10%

17% 15%

12% 14%

Accounts

23% 24%

E-mail

31%

21%

Content Management Systems

26% 26%

10% 11% 11%

Desktops

14%

5%

10%

15%

17%

20%

25%

30%

35%

Per the chart above, Content Management System includes Faculty Websites, MyUNLV, and WebCampus. Accounts includes the creation, deletion, password reset, or help with use of accounts that OIT supports (like Active Directory, Academic Alliance, Munis, Wireless, VPN, Mainframe, and Novell). Accounts also includes unsupported accounts like Data Warehouse and WebGrading. The Operations Support category includes tickets created by OIT's administrative staff to complete work related to technical requests OIT receives from the campus.

Total Number of Work Orders Opened

IT Help Desk Two Locations One Phone Number One E-mail Address Online Help Request

2010

18988

2009

SU 231 and CBC B 133 895-0777 ithelp@unlv.edu oit.unlv.edu/help/request

15091

2008

15513

14000

15000

16000

17000

18000

19000

20000

Rebelmail popularity increases with Gmail On Mondays during the fall and spring semesters, about 5,000 students visited the Rebelmail website. Since moving to Google's Gmail in March, that number has doubled to over 10,000 hits. Student sentiments are best expressed through Rusty Bell's comment, submitted through OIT's online feedback form, "Alright! Now we can be free from the sinking chains of the ancient Rebelmail! Haha, but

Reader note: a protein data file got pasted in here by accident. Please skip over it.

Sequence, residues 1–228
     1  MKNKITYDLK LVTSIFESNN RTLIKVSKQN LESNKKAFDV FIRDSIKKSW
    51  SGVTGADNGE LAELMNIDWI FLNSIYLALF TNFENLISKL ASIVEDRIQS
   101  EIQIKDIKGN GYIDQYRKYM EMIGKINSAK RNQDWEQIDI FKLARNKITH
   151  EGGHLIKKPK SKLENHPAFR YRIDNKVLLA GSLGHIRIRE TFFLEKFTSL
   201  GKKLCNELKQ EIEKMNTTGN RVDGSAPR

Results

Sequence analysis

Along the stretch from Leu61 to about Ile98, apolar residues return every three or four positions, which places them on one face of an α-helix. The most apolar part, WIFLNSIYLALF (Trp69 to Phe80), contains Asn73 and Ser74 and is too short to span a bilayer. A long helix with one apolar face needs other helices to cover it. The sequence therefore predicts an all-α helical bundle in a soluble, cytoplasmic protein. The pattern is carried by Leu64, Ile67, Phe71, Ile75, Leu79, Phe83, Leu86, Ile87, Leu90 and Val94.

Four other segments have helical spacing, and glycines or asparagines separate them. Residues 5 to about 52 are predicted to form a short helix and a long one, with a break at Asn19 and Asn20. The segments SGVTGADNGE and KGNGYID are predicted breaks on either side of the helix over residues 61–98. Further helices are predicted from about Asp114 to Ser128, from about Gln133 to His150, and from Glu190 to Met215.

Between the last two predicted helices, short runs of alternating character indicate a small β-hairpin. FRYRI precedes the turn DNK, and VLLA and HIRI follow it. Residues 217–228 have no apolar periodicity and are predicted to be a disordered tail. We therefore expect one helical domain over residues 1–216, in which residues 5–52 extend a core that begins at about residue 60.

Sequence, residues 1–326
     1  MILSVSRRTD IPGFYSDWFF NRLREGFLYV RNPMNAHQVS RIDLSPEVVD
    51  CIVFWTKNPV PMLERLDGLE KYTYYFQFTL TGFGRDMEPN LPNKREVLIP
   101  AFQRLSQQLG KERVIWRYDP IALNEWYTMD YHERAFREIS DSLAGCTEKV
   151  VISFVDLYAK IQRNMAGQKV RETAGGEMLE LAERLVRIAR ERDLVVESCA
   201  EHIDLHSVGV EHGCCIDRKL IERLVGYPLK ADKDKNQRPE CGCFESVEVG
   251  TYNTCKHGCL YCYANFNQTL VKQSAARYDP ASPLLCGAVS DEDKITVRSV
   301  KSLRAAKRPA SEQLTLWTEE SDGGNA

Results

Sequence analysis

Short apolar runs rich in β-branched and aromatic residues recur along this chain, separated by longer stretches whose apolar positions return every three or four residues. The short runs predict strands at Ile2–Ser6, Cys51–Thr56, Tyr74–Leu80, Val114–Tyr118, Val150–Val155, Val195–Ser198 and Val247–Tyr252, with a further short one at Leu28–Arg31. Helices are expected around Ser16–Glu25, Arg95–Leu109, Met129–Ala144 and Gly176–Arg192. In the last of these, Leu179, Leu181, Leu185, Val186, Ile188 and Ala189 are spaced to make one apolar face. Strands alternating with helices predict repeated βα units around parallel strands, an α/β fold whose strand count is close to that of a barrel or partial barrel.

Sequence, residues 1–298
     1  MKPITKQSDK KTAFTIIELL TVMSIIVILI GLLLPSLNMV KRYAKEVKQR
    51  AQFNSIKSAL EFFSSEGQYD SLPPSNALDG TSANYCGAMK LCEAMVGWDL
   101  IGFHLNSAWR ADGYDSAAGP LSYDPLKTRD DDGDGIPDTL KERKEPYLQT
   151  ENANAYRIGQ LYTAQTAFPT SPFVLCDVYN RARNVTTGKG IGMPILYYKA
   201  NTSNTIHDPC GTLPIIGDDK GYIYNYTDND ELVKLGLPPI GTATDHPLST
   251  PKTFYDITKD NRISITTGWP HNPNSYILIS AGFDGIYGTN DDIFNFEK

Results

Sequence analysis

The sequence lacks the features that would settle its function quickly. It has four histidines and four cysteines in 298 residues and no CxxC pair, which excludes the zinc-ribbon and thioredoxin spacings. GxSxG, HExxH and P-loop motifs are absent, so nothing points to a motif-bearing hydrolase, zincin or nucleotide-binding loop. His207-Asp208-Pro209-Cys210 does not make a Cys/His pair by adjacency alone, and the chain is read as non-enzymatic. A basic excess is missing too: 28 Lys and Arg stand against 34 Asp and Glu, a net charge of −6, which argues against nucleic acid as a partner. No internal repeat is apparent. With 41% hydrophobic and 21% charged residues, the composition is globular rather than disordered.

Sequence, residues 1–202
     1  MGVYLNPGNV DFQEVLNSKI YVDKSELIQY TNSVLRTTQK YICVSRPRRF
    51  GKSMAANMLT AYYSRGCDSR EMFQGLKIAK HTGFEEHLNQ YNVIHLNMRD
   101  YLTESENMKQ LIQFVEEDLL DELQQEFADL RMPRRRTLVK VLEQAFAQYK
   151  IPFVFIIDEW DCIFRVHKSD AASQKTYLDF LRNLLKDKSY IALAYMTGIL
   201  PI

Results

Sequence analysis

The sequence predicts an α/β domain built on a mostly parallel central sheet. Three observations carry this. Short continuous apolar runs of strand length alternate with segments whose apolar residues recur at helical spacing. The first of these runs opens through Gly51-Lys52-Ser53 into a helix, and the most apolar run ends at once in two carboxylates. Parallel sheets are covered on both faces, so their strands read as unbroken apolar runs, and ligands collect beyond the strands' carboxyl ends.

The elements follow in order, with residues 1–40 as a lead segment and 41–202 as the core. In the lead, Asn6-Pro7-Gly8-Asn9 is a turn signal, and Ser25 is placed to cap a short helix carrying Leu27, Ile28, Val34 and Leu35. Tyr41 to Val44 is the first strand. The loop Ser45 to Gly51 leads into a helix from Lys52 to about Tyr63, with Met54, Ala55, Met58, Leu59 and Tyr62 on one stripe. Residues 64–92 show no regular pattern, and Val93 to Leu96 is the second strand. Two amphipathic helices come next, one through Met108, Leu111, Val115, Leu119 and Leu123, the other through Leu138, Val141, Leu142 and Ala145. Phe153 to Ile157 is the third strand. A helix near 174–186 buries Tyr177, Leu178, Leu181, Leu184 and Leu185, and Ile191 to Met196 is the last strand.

yes, I do believe this is a great idea. Thanks guys!" Rusty's right. Rebelmail was ancient. With a purple screen and only 250 MB of storage, the e-mail system originated in the early 90s. "Students are liking the new Rebelmail system," says DeAnna Schoendienst, manager of client services. "A few hundred former students have even contacted us to have accounts on the new system." OIT is working |4|

with the alumni association to draft a policy regarding student use of their accounts after graduation, which will go to UNLV administration for review. If you have questions about the transition, please contact Don Diener, project lead, at ext. 50500. Please continue to

encourage students to follow university policy and to either use or forward their Rebelmail accounts. PowerPoint templates and handouts to help with access and use of Rebelmail are located at oit.unlv.edu under About OIT and Publications.

Technology Report Summer 2010  

Designed for UNLV administration and available for the campus community, the The Technology Report describes current UNLV Office of Informat...